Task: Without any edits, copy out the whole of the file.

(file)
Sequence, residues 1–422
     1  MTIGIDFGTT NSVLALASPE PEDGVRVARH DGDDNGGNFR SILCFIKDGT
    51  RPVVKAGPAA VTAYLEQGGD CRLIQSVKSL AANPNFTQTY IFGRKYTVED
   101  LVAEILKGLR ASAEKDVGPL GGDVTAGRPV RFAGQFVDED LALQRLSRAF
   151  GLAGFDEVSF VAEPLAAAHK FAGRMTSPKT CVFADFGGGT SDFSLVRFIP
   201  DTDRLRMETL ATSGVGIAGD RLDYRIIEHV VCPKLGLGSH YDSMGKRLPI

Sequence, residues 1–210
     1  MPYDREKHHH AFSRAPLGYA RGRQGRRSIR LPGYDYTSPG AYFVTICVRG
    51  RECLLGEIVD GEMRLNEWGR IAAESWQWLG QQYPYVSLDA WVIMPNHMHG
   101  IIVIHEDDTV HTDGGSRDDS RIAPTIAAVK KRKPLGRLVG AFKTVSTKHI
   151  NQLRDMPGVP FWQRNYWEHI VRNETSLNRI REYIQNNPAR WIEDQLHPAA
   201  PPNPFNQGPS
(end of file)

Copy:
Sequence, residues 1–422
     1  MTIGIDFGTT NSVLALASPE PEDGVRVARH DGDDNGGNFR SILCFIKDGT
    51  RPVVKAGPAA VTAYLEQGGD CRLIQSVKSL AANPNFTQTY IFGRKYTVED
   101  LVAEILKGLR ASAEKDVGPL GGDVTAGRPV RFAGQFVDED LALQRLSRAF
   151  GLAGFDEVSF VAEPLAAAHK FAGRMTSPKT CVFADFGGGT SDFSLVRFIP
   201  DTDRLRMETL ATSGVGIAGD RLDYRIIEHV VCPKLGLGSH YDSMGKRLPI

Sequence, residues 1–210
     1  MPYDREKHHH AFSRAPLGYA RGRQGRRSIR LPGYDYTSPG AYFVTICVRG
    51  RECLLGEIVD GEMRLNEWGR IAAESWQWLG QQYPYVSLDA WVIMPNHMHG
   101  IIVIHEDDTV HTDGGSRDDS RIAPTIAAVK KRKPLGRLVG AFKTVSTKHI
   151  NQLRDMPGVP FWQRNYWEHI VRNETSLNRI REYIQNNPAR WIEDQLHPAA
   201  PPNPFNQGPS